If I had to choose one drama though I suppose it would be Hirokazu Kore-eda's Golden Palm winner Shoplifters--which extends the premise of his Nobody Knows (children adrift in the margins of Japanese society) into the less merciful realm of public scrutiny and societal inquiry. Nadine Labaki's Capernaum takes a similar premise (kids left largely on their own to survive in a big city) and raises the stakes considerably, the kid a Syrian refugee, the big city Beirut; if her film falters at all it's towards the end, where the plot bends in unlikely ways to accommodate a happy-ish ending.
Documentaries seemed more palatable last year, if only because they mean to talk to us straight, no chaser. Morgan Neville's Won't You Be My Neighbor? was a moving enough account of Fred Rogers but is really a way of mourning the death of civility of our sense of community. Tim Wardle's Three Identical Strangers was his funny bizarre ultimately sad take on the issue of nature vs. nurture, tinged with not a little trace of child abuse. Michael Moore's Fahrenheit 11/9 was a satiric sketch of Trump's rise to the White House a poignant glimpse at the lower-to-middle class folk who rose to oppose him.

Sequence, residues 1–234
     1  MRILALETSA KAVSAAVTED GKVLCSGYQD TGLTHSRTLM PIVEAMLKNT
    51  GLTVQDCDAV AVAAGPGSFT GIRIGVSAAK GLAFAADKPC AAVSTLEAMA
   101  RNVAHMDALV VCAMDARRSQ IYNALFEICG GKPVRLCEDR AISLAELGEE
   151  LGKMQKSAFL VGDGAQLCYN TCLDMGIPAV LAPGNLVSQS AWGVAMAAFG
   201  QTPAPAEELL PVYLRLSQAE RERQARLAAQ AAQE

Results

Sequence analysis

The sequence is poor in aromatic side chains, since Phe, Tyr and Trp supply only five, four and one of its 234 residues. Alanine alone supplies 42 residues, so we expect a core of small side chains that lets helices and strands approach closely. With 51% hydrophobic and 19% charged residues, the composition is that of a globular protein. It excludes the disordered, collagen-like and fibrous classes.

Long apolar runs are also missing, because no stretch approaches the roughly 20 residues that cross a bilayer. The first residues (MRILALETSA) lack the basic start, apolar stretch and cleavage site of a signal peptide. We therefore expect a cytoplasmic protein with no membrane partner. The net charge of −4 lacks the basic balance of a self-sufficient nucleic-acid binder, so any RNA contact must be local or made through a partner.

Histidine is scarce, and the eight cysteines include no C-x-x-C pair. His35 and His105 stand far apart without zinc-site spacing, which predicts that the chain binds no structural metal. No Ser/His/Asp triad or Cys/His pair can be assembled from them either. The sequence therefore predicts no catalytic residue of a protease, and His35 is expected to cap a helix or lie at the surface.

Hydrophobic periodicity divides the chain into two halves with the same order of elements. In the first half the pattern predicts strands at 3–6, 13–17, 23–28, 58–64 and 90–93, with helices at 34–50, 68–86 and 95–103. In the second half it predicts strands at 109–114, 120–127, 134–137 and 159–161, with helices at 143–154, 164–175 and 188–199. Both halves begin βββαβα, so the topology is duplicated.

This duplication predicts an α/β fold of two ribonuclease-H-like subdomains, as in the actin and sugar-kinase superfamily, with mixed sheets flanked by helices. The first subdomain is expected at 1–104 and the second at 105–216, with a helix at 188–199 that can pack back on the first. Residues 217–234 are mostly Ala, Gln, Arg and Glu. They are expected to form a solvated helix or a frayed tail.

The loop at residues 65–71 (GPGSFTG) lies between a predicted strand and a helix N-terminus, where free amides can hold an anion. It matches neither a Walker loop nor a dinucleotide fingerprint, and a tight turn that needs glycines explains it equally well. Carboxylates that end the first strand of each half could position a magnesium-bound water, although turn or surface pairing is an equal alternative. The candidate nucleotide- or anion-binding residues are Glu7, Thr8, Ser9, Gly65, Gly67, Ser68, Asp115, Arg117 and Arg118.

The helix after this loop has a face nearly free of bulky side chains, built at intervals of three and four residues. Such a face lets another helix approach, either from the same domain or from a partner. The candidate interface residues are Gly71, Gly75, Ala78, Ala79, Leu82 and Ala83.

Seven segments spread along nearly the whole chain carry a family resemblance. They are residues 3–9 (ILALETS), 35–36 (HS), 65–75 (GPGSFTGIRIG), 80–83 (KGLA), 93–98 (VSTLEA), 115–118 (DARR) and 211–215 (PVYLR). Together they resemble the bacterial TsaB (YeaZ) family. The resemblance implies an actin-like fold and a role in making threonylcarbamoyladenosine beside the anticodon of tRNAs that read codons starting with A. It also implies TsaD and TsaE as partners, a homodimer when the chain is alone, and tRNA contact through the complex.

If we're talking nonfiction (more or less) Clint Eastwood's The Mule (fictionalized account of an old man recruited to become a drug cartel's most successful smuggler) was fairly entertaining until you read the real mule's biographical sketch, which could have been a shaggy dog comedy under the hands of a more eccentric filmmaker (Jonathan Demme anyone?). Gus Van Sant's Don't Worry, He Won't Get Far on Foot worked with more interesting material (a paraplegic cartoonist who transmutes his condition into comic gold) and achieves a more interesting tone pitched between rueful irony and melancholy regret.
My choice for best biopic of the past year though has to be Julian Schnabel's heedlessly gorgeous At Eternity's Gate--not sure we needed yet another filmed biography of Van Gogh after Vincente Minnelli, Robert Altman, Maurice Pialat among others took a crack at it but on recent viewing why yes--yes we apparently do. At the very least we have a new Schnabel film that plays with POV shots on a subject the director has more than passing knowledge of (he's also a celebrated artist); at most we have a visually amazing picture, one of the best-looking films of the 2018.